Opening hours of the church are daily from 11.00 – 15.30.

      The tower is open in 2023 from February 9th until December 31st. Opening hours are daily from 09:00 – 20:00.

      Please note: The church is closed for sightseeing during services. 

      The entrance to the church is free of charge for all. If you wish to climb the tower, you can book your visit here.

      Read more : Church of Our Saviour
    • Photo: Wonderful Copenhagen


      0.76 km

      This controversial area is loved by many but has been a turning point for strong debate. For visitors, the area is subject to safety concerns due to criminal activity and drug dealing. 

      It is important to know that dealing, buying and possessing illegal substances in any form is against Danish legislation.

      Read more about safety in Christiania below.

      Creative housing

      Christiania was founded in 1971 when a group of people cut a hole in the fence to the military barracks in Bådmandsgade. Soon, the area was known for Pusher Street, where you could buy hash and pot – but no hard drugs – from various stalls.

      Today, many of the original settlers still live in the collectively controlled village, and the area has a clear 70s feel to it.

      A lot of the people living in Christiania built their homes themselves, giving the area an extremely interesting architectural feel. And you will find a variety of eco-restaurants, workshops, galleries and music venues offering all sorts of cultural experiences.


      Christiania existed under special conditions for 40 years, with constant conflicts and clashes between the local Christianites and the Danish state.

      After many years of uncertainty about the future of Christiania, an agreement was entered in 2011, which meant that on 1 July 2012, a foundation, the Foundation Freetown Christiania, was founded.

      The foundation now owns the entire part of Christiania located outside the protected ramparts and leases buildings and land on the ramparts, which are still owned by the state. Part of the money is raised by selling the symbolic Christiania shares.

      Safety in Christiania

      It is important that you are aware that Christiania is not like any other neighbourhood in Copenhagen.

      According to Copenhagen police the area around Pusher Street is controlled by organised criminal groups. The residents themselves have adopted a set of rules for security reasons, which they strongly advise visitors to abide by.

      They discourage visitors from photographing, running and talking on the phone in the area, especially in and around Pusher Street. At the main entrance, you will find a sign listing the rules, which the residents also advise visitors not to photograph.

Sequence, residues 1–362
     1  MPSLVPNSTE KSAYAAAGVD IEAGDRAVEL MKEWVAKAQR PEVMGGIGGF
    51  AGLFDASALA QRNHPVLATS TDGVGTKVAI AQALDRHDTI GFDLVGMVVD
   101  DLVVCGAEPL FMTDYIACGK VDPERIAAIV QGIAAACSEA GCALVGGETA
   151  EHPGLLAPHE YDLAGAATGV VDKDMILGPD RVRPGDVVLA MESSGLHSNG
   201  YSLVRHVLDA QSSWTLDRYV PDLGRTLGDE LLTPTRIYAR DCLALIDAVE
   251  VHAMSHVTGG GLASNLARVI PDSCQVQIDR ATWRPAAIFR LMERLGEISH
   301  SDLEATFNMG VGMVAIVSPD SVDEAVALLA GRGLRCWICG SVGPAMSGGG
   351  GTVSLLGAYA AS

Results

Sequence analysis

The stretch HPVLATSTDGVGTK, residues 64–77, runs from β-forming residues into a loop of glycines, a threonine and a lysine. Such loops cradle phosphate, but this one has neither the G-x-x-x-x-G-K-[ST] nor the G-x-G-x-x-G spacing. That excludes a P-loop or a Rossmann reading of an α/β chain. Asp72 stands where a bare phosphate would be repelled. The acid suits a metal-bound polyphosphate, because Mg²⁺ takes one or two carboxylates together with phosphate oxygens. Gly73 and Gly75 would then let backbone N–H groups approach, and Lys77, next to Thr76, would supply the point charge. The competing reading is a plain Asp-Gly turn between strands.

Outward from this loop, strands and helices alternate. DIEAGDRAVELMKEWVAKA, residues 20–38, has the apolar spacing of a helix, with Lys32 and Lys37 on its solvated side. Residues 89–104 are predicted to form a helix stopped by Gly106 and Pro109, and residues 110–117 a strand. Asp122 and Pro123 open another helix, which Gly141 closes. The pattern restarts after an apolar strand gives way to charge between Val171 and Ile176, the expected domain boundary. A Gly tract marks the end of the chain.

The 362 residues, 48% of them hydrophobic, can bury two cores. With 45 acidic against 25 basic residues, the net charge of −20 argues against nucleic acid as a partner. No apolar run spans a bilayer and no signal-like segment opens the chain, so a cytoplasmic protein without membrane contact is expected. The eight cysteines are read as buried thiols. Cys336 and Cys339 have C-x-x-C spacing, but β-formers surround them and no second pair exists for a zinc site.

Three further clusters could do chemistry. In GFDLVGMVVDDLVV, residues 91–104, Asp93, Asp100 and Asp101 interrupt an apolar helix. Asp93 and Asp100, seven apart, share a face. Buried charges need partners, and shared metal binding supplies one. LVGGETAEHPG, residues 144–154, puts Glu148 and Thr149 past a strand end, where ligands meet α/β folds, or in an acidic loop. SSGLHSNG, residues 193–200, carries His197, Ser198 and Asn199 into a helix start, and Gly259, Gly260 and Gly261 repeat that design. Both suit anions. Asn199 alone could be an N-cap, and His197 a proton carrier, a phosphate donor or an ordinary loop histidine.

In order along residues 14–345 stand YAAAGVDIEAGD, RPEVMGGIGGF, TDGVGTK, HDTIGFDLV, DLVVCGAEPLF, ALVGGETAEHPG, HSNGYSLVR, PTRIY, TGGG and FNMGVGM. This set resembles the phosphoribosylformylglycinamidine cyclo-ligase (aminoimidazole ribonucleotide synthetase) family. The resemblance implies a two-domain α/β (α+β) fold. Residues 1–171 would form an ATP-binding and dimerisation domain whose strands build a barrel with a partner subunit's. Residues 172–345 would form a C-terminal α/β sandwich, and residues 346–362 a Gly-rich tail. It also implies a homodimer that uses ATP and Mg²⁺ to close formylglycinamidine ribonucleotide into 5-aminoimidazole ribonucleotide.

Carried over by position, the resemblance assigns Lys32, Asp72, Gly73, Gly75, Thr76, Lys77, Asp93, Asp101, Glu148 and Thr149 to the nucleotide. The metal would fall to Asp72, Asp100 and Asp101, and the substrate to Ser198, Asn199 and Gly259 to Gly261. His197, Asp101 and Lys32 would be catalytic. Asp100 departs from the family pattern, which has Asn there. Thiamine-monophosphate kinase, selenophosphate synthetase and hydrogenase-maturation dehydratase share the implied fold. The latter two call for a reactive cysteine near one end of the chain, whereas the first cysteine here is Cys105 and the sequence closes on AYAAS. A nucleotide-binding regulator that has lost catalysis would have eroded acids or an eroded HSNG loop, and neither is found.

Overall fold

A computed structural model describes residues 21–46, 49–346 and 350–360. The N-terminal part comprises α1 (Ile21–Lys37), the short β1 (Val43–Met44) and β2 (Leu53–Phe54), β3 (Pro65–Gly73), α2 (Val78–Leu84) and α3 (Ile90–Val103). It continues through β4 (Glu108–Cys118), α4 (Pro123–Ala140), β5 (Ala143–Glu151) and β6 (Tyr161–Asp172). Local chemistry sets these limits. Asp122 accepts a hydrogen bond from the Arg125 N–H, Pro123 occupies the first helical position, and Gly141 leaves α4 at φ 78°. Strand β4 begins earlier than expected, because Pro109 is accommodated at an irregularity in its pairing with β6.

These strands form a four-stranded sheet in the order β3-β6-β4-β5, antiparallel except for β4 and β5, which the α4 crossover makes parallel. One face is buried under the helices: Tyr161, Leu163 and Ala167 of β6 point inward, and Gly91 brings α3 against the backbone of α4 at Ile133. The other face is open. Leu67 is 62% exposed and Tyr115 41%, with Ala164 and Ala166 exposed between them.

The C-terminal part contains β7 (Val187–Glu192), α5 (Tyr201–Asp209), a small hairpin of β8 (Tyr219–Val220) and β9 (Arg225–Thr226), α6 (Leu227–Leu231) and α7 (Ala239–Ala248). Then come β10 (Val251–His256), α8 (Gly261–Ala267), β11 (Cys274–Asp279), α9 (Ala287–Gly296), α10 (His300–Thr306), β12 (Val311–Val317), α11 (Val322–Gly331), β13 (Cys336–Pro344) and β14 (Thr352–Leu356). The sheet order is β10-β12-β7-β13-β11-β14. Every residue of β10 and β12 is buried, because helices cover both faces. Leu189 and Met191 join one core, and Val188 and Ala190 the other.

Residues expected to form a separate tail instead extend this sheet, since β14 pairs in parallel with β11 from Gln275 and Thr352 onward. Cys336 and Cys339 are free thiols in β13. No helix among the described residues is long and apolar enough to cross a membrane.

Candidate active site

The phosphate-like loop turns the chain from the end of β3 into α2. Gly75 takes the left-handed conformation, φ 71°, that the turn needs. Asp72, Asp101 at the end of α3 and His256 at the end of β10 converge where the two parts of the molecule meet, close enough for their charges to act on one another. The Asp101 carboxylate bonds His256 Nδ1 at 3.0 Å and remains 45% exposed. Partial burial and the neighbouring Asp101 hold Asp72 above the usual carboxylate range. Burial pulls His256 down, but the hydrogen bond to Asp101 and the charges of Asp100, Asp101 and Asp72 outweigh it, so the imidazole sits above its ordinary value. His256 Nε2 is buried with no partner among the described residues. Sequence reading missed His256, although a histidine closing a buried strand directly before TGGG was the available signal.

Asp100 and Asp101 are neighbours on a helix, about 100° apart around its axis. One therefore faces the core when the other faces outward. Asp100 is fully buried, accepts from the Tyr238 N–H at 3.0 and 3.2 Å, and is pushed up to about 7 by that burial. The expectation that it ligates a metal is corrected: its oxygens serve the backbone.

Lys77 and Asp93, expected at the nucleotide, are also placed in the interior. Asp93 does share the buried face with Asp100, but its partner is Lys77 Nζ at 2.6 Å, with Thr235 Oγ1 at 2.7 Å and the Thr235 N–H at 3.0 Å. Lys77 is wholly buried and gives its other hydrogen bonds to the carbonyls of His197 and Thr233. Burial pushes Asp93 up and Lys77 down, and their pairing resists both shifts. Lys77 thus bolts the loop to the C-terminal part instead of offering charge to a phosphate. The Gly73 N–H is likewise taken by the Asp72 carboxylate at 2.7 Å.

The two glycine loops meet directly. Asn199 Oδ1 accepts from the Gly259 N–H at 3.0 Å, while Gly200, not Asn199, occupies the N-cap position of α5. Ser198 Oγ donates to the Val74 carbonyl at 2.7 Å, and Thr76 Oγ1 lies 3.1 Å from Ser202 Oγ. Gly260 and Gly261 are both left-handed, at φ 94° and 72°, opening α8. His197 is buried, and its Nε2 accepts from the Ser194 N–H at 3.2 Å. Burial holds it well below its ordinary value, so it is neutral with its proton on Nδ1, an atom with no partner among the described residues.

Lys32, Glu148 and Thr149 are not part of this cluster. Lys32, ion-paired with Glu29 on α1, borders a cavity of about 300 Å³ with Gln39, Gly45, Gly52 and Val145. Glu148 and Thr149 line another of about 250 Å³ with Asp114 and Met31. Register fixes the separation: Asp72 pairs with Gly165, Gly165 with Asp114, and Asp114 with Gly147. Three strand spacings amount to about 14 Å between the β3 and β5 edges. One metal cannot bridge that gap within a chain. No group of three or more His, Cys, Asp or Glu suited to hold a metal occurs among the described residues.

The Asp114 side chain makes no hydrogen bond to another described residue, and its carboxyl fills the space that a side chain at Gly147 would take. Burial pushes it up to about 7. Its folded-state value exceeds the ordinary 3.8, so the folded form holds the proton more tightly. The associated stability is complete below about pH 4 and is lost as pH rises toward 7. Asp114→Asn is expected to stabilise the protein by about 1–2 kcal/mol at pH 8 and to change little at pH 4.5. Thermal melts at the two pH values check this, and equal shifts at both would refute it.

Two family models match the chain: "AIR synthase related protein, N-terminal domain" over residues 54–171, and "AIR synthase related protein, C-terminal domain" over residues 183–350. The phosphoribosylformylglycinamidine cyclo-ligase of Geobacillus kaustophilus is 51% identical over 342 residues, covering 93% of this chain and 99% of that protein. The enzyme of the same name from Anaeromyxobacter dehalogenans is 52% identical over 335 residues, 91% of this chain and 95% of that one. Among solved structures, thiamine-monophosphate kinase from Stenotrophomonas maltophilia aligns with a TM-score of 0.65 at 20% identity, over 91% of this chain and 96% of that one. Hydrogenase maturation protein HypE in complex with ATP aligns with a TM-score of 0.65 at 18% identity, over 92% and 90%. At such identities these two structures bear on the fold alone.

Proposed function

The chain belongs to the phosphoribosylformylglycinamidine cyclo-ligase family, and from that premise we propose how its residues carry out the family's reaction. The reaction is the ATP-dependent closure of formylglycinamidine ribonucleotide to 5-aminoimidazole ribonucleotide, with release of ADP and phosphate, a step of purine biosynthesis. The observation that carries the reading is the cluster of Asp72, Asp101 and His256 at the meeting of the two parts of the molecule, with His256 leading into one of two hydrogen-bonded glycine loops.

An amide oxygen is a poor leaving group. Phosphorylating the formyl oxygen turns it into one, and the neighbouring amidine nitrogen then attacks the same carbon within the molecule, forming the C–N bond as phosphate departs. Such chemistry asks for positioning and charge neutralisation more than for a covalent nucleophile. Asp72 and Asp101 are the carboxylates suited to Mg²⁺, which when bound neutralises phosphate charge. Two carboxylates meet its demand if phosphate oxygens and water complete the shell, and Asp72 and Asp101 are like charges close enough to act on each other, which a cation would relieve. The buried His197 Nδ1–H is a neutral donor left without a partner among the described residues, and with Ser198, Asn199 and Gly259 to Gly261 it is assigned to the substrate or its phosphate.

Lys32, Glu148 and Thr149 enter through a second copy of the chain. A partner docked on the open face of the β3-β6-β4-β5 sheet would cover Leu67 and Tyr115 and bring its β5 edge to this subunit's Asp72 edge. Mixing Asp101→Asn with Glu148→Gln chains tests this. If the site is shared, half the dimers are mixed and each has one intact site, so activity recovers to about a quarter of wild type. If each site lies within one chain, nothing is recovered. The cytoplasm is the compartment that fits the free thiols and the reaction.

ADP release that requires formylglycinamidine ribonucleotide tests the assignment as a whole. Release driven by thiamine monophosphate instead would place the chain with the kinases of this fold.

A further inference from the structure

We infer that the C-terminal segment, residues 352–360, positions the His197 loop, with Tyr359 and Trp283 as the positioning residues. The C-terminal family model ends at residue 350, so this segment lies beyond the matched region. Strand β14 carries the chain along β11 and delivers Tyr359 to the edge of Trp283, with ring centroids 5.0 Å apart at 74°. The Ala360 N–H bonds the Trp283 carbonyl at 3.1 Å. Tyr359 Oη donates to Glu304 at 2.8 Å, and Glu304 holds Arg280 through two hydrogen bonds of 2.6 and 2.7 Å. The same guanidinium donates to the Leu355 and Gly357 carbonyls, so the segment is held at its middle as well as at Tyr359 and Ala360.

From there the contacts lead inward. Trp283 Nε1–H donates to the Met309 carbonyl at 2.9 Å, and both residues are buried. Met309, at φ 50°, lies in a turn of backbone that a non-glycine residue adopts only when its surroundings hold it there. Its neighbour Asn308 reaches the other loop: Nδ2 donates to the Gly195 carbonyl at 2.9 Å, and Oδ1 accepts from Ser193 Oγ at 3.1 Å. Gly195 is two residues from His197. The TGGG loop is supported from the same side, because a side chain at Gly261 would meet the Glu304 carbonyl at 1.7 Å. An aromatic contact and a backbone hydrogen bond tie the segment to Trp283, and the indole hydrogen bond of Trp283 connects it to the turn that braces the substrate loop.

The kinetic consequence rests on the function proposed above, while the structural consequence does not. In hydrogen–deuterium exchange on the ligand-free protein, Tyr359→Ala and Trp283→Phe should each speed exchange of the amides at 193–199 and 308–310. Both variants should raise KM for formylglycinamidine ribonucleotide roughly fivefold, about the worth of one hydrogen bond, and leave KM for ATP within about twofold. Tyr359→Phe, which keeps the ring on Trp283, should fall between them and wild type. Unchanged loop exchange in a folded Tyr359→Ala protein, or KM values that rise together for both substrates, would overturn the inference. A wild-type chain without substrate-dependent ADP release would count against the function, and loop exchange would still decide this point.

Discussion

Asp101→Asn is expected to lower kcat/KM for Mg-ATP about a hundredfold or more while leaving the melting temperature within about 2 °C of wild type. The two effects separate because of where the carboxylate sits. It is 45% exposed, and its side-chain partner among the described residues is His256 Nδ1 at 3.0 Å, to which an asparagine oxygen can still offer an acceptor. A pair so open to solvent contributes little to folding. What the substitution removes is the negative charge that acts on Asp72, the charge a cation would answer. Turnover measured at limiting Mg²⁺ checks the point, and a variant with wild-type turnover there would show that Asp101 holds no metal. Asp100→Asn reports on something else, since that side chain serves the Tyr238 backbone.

Over the years, there have been reports of acts of violence linked to organised criminal activities, and it is advised to check the recommendations of the local authorities before planning a visit to Christiania. Read about current affairs from Copenhagen Police or visit their account on X.

      Guided tours

      Locals give guided tours of the area. Every day throughout the summer (26 June  – 31 August) and every weekend the rest of the year.

      This is a really good way to experience the special Christiania vibe. The guides have lived most of their lives here, and they give a personal tour of this alternative community.

      The tours are in English and Danish and start from the main entrance at 15:00. The price is DKK 40 in cash to the guide.

      Read more : Christiania
    • Photo: Wonderful Copenhagen

      Amalienborg Palace

      0.8 km

      At Amalienborg Palace in the heart of Copenhagen, you can visit the seat of one of the world's oldest monarchies and go behind the scenes in a real royal palace. The palace is a must for anyone with a taste for royal history. Don't miss the palace square where you can watch the unforgettable changing of the guards.   

      The Changing of The Royal Guard

      Amalienborg is famous for its royal guard, known as The Royal Life Guard. Every day, you can watch the changing of the guards as they march from their barracks by Rosenborg Castle through the streets of Copenhagen to Amalienborg, often accompanied by music. The changing of the guard takes place at noon.

      Amalienborg is made up of four identical buildings. These are Christian VII's Palace (also known as Moltke's Palace, used as a guest residence), Frederik VIII's Palace (also known as Brockdorff's Palace, home of His Majesty King Frederik X, Her Majesty Queen Mary, and their children), Christian IX's Palace (also known as Schack's Palace, home of Queen Margrethe II) and Christian VIII's Palace (also known as Levetzau's Palace, used as a guest palace for Prince Joachim and Princess Benedikte). It's in this building you'll find Amalienborg Museum.

      Amalienborg Museum 

      A visit to Amalienborg Museum gives you access to the private interiors of the most recent kings and queens along with an exhibit on the monarchy today with its many traditions. It's a behind-the-scenes trip sure to delight any royal fans. 

      The scope of the museum stretches back 150 years to Christian IX and Queen Louise, who were known as "the in-laws of Europe" because four of their children ascended to the thrones of England, Greece, Russia, and Denmark.

      Royal history comes to life

      The rooms of Christian IX, Queen Louise, and their descendants are still intact, so a visit is like a journey through time. Each room reflects the modern taste of its period and the personalities of the kings and queens, whether it is in military, Victorian, or knightly style.

      TRAVEL TIP: With a Copenhagen Card in hand you get free admission to Amalienborg and over 80 attractions as well as free public transportation in the whole capital region. 

      The large garden room offers an insight into modern royal life and the monarchy in the 21st century. Royal life entails many duties and traditions, and there are plenty of opportunities to explore them and gain an understanding of what it means to be royal today.

      On most days, there is admittance to the Gala Hall and the other magnificent rooms on the Piano Nobile. The royal reception rooms are still used by the royal family for representative purposes. 

      Read more : Amalienborg Palace